In conclusion, we can hopefully see that there is rather more to medieval philosophy than a set of long involved debates about squeezing angels onto pinheads!
© Mark Daniels 2005
Mark Daniels is minister at Croydon Synagogue in London and was on the Philosophy Now staff in the 1990s, during which time he edited or co-edited several issues of the magazine. He has a special interest in Maimonides (see here).
Finding Out More
Good anthologies of medieval philosophy include:
• The Age of Belief (ed Anne Fremantle) 1954, short and cheerful (200 pages)
• Medieval Philosophy(ed Wippel & Wolter) 1969, better but longer (500pp)
• A good academic history of Christian thinking is Medieval Thought by David Luscombe 1997, OUP
• An eclectic introduction to Islamic Philosophy (with lots of fun snippets – but guaranteed to give academics the galloping heeby-jeebies) is Studies in Muslim Philosophy by M Saeed Sheikh (3rd ed 1974) printed by Sr Muhammed Ashraf and available in good Islamic bookshops
• For a philosophical novel with commentary, take a gander at the remarkable Avicenna and the Visionary Recital by Henry Corbin (Princeton/Bollingen 1960/88) or read the Journey of the Soul by ibn Tufail (Hai bin Yaqzan) translated by Riad Kocache, Octagon Press London 1982.
Eras of Medieval Christian Thought
Medieval Christian philosophy can be split up into four different periods:
• The Dark Ages
With the destruction of the Roman Empire by the barbarians (and the final destruction of the remnants of the Great Library of Alexandria by the Muslims), the civilisation of the Classical World was lost. A few lamps of knowledge were kept flickering by such as Isidore of Seville and Cassiodorus who wrote various encyclopedias of knowledge. The works of Boethius and St Augustine provided a link with Classical Thought.
• From the Carolingian Renaissance (c. 800) to the rediscovery of Aristotle (c. 1200).
Famously, Dun Scotus Eriugena was brought over from Ireland to France to translate the works of Pseudo-Dionysius the Areopagite from Greek for the Carolingian Court. Other thinkers of this period included Abelard (the logician and lover of Heloise) and St Anselm (of the Ontological Proof of the Existence of God).
• From the Rediscovery of Aristotle (c. 1200) to the Renaissance (1400s).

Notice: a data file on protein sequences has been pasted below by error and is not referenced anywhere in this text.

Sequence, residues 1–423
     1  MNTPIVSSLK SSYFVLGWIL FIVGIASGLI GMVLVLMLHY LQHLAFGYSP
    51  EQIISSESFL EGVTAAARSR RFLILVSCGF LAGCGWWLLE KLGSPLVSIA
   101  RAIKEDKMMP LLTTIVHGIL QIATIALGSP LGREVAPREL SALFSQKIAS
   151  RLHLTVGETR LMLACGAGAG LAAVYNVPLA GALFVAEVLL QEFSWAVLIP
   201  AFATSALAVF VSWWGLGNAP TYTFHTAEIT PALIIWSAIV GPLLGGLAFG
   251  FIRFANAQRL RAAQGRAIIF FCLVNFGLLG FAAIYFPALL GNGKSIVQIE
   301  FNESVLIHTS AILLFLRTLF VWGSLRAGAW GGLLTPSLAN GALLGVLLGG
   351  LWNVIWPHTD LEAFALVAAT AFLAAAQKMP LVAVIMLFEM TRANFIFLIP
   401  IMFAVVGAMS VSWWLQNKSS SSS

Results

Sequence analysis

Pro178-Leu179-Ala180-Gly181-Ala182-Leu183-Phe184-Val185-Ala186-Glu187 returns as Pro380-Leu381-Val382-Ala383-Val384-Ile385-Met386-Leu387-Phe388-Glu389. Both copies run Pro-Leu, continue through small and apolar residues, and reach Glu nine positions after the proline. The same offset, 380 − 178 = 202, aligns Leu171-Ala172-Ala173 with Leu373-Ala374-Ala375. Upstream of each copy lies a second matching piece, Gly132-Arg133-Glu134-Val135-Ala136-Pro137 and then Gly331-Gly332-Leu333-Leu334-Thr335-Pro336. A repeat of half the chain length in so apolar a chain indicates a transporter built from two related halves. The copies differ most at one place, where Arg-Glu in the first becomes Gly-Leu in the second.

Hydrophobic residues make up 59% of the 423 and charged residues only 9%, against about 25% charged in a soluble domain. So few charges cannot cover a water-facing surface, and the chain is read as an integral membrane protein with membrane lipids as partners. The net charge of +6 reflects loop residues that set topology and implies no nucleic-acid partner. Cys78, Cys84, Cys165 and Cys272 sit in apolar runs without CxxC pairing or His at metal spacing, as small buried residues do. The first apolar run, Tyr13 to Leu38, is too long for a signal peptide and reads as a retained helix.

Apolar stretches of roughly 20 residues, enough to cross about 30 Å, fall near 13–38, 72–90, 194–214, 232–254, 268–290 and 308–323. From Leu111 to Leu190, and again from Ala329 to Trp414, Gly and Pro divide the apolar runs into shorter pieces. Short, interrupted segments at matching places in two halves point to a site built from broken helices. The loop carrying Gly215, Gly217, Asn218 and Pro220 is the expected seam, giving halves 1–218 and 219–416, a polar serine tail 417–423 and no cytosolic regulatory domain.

The translation of Aristotle’s works from Arabic into Latin provided new material encouraging a rethink of philosophy. The great minds of this period included St Thomas Aquinas, John Duns Scotus and William of Ockham (to whom Ockham’s razor is attributed). The religious difficulties with Aristotle’s approach resulted in a set of Condemnations (1270 – Paris; 1277 - Paris [the famous 219 erroneous propositions of Stephen Tempier, Bishop of Paris] - and another in Oxford; and 1284 - Canterbury).
• From the Renaissance to the end of Scholasticism (c.1600).
The rediscovery of Plato and the works of such as the Stoics and the Epicureans led to another re-assessment of philosophy as their Greek works were brought over from Byzantium together with translators such as George of Trebizond. Eventually the new approaches of Descartes and the other early modern philosophers encouraged a rejection of the old ways and philosophy ‘restarted’ with a new project and outlook. Thinkers of this period include Nicholas of Cusa and Francis Suarez.
Plato and Aristotle
Plato and Aristotle were the two leading influences on medieval thought. At the beginning of our period the leading thinkers were St Augustine of Hippo 345-430), Boethius (c.480-c.525), and psuedo-Dionysius the Areopagite (c.500?) who merged the thinking of Plato with Christianity (Boethius drew on Aristotle too) and this moulded Medieval Philosophy until the rediscovery of Aristotle in the 1200s when Aquinas managed a similar synthesis of Aristotelianism with Christianity. We need to be aware that the medieval views of these two thinkers were not identical with our modern understanding of them. Plato, for example, was unread in the Latin-speaking world – the only dialogue available in Latin was part of his Timaeus with a commentary by Chalcidius (c.350). Consequently the medievals lacked our modern understanding of how Plato’s thinking developed in his early, middle and late periods – or of how his ideas had been modified by later schools such as the neo-Platonists. Aristotle on the other hand was mostly known through Boethius’ Latin translations of his Categories and De Interpretatione combined with synopses of his works such as Themistius’ paraphrase of his categories, the Categoriae Decem. In the 1200s there was a rush of translation of almost his entire surviving canon into Latin by such worthies as James of Venice, William of Moerbeke and Michael Scot. These were accompanied by commentaries such as those of Averroes and also by psuedo-Aristotelian works such as the Secretum Secretorum, the Magna Moralia and de Plantis, some of which were neo-Platonic in outlook.